Sunday, February 5, 2006

One Hundred Years of Solitude -- Book Review

One hundred Years of Solitude

by Gabriel Garcia Márquez

Remember this? It was an Oprah Book Club selection before A Million Little Pieces by James Frey. She found it a fascinating read,too. Oh, my. Our Book Club at the old folks home selected it on her recommendation, and my report follows:

Interesting but not engrossing. I think not engrossing because, as book club assignment, it is like required reading in a college class. You feel obligated to study and report on it. The additional pressure affects your interest level.

I can read but skip paragraphs. Sort of want it to hurry along. Cannot leisurely read at the pace the author intended.

Chapter one: a parable… views how mankind seeks, accepts, adopts, and misuses changes and progress. The character accepts magnetism, optics, alchemy, and misuses them. He costs his wife her inheritance in his effort to double her gold. At the end of the chapter, he is introduced to ice. Will there be more of his adventure with ice? The opening sentence tells of the family adventure to see ice. The opening sentence also tells that he is eventually to be executed by firing squad.

Why did author open with the ultimate end of the character….death by firing squad. Are we supposed to be interested in how he came to be there?

Characters thus far

Melquiades the gypsy with the discoveries;

Colonel Aureliano Buenda, whose story we are following;

Jose Arcadio Buendia, the father whose squandered his wife’s inheritance;

Ursula Iguaran, the wife.

The town is Macondo.

I am reminded of my own parable of the sultan who ruled the desert and was given a bowl of liquid, water, in which he envisioned the whole earth and the worldwide uses of water, drink, agriculture, transportation, recreation, industry, comfort, health. He studied the bowl intently, guarded it zealously, but on the fifth day, it was all gone. In other words, he studied it to death. Like E.T. he was studied until he died.

Jose had been a rising citizen, farming well, raising his family. He had laid out the town of Macondo so well that every home had an equal amount of sunlight, and an equal distance to water. But when the alchemist came, Jose was distracted, captivated by his own imagination, and his grandiose plans bankrupted the family. However, they are about to set off to seek ice, which he called the largest diamond in the world. It was one when touched, burned the hands. The ice itself can be a metaphor for the whole topic. Ice is so cold, that it seems to burn the hands. Science is so progressive, it destroys the scientist. Frankenstein, beware, take note. Question: Is it the greed, or the alchemy, that destroys the alchemist?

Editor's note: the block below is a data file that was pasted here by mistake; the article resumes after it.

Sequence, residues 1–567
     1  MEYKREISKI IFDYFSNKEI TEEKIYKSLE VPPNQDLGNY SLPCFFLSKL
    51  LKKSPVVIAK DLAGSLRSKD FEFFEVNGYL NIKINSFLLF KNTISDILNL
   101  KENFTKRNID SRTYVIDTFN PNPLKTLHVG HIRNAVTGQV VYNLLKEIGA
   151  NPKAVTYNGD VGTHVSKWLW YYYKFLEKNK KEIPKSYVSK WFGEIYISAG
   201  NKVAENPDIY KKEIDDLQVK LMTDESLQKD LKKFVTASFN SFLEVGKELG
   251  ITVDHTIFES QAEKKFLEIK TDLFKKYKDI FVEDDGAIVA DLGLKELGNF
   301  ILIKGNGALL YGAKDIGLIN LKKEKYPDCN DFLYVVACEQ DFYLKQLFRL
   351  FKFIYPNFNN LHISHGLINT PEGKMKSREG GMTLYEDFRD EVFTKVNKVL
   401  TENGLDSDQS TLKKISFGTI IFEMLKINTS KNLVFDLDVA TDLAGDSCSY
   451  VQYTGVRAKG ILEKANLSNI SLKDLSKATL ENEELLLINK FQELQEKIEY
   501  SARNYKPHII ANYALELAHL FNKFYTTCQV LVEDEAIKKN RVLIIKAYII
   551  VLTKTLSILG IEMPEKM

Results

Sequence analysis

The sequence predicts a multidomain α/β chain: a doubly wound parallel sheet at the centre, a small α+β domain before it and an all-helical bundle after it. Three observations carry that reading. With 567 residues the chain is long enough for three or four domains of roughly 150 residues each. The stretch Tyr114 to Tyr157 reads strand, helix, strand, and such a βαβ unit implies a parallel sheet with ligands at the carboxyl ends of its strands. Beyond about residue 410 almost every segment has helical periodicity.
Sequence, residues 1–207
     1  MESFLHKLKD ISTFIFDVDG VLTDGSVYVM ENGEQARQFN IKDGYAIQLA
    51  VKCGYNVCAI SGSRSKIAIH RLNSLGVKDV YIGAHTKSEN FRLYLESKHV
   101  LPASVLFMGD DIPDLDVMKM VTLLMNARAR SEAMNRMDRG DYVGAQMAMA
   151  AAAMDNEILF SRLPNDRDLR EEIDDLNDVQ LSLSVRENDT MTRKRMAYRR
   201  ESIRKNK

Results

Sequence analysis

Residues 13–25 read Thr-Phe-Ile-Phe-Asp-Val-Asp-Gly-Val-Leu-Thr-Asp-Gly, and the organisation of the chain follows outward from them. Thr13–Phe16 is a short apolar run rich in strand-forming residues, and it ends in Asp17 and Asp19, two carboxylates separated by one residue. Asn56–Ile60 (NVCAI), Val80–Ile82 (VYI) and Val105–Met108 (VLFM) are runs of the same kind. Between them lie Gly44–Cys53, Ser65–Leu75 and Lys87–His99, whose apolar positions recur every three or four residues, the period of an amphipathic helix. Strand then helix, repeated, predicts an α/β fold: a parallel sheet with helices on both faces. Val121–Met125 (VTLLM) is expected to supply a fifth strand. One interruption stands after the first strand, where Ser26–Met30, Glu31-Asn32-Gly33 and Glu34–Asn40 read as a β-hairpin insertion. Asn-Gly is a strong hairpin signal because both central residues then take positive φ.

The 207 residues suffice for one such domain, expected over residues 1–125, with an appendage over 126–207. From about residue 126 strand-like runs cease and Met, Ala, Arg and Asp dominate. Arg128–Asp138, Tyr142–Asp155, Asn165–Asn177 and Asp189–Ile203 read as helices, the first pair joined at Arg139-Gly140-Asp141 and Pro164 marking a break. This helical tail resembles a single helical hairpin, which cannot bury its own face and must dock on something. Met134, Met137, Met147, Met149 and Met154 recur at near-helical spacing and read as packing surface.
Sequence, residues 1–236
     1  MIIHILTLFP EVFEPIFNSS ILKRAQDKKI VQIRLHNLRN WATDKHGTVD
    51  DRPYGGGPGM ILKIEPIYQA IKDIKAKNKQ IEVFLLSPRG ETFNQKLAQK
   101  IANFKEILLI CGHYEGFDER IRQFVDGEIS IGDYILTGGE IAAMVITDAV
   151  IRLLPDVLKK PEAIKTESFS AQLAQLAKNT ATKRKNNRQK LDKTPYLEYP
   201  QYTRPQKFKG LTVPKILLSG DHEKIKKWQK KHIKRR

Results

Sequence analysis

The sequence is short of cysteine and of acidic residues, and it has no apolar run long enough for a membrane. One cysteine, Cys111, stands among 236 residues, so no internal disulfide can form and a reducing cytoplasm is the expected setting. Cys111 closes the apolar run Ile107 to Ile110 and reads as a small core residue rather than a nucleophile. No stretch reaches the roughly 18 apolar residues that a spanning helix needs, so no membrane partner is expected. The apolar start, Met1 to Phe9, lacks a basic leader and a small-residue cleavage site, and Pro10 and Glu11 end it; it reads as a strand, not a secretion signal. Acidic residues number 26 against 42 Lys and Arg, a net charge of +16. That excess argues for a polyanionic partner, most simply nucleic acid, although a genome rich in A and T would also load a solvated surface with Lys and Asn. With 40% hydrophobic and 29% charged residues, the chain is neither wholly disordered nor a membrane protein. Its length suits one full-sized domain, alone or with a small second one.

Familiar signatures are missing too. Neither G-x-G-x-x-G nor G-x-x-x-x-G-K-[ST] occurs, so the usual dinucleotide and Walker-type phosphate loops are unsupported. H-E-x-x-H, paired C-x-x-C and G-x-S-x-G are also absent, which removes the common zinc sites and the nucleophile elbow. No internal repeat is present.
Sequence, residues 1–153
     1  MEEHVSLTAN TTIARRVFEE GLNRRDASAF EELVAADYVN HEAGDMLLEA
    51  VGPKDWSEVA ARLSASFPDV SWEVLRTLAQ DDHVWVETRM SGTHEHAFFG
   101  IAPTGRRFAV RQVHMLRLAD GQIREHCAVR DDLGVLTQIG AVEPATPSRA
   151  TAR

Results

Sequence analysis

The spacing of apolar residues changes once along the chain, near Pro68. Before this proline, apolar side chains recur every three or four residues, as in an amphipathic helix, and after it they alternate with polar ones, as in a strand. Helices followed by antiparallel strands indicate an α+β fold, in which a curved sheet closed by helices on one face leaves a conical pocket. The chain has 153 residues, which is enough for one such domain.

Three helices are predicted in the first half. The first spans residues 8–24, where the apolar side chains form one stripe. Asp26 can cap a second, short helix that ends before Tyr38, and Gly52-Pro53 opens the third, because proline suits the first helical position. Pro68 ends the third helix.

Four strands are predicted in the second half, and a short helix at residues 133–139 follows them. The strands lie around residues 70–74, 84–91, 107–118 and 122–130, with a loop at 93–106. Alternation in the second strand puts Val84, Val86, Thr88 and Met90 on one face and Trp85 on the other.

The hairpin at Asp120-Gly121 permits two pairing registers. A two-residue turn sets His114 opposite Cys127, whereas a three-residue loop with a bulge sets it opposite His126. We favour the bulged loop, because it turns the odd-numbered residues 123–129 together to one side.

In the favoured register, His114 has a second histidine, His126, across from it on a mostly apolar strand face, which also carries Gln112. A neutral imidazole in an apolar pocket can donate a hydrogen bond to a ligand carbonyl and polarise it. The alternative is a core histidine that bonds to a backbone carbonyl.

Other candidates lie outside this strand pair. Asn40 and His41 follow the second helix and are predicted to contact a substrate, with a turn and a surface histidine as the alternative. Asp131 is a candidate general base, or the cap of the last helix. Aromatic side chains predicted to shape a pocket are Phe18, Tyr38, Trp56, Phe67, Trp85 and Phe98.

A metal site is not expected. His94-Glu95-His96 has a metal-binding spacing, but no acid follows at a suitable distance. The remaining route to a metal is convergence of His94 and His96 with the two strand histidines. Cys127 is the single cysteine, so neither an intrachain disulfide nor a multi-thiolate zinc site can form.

Synopsis so far: Aureliano looks back as he faces the firing squad and remembers his father, Jose, as a successful town planner, family man, farmer is blinded by greed and curiosity and leaves his profession and seeks a new future, with ice.

To be continued.

Chapter 2... Flash back to the founding of Macondo. Tells how Jose met Ursula, married her and six months later forcing her to have sex by killing a villager who mocked his celibacy. Aureliano is born and has magnificent sexual organ which Ursula admires. Aureliano visits Pilar at night and gets her pregnant. Jose runs off with gypsies . Without the genealogical table I would be completely lost. Ursula runs after Jose, deserting Jose S and their new daughter Amarantha, and finds another civilization on the other side of the swamp and six months later brings back a crowd of people. The gypsies come with a flying carpet during the time Ursula is gone. Auerliano’s child by Pilar, Arcadio, comes to live with Jose and Ursula after her return at the start of chapter three, page 40

All of this has happened by page 40.

Thursday, March 11, 2004

Synopsis continued…pages 40 to 56

Ursula starts a business of making candy animals

Rebeca, a seemingly mute cousin arrived from another town and was grudgingly taken in. She had to be trained to eat since she was surviving on soil from the courtyard and lime plaster from the walls. Unfortunately she had the plague, which has symptoms like Alzheimer’s, in that it causes the loss of memory. Through the candy animals, she infects much of the town. Jose, with his ingenuity combats the disease somewhat by compensating for memory loss with labels on everything, including the cow.

Someone moves in, who seems to Jose, because of his “Alzheimer’s", to be a stranger . He becomes a skilled silversmith. Then another stranger moves in with some magic potion. The potion helps Jose regain his memory and he realizes that stranger number one is his son, Jose Jr, and that stranger number two is the magician, Melquiades.

Page 56. I decided that I am indifferent to the fate of the town of Macondo, or it’s inhabitants, Jose, Ursula, Jose Jr., the forty year-old male virgin, or Melquiades, Rebeca, or Aureliano, whose fate we already know. Then, though I am wondering about the ice business, I lay the book aside.

Perhaps Oprah should avoid books who have numbers in their titles.


msecz said...

I wonder if Oprah even read this book.... thanks for the review... I won't be reading it. :)  Sandra

jckfrstross said...

thanks for this info now i know not to read:)


jaykolb said...


valphish said...

Don't think I want to read this... Thanks for the review.  Hi Chuck!!! xox

mtrib2 said...

It seems like a preponderous group of individuals inhabiting a science fiction environment of stealth mixed with anecdotal traverses.   lol   mark

mavarin said...

I remember sort of liking this book in college - but I don't remember a word of it.  -Karen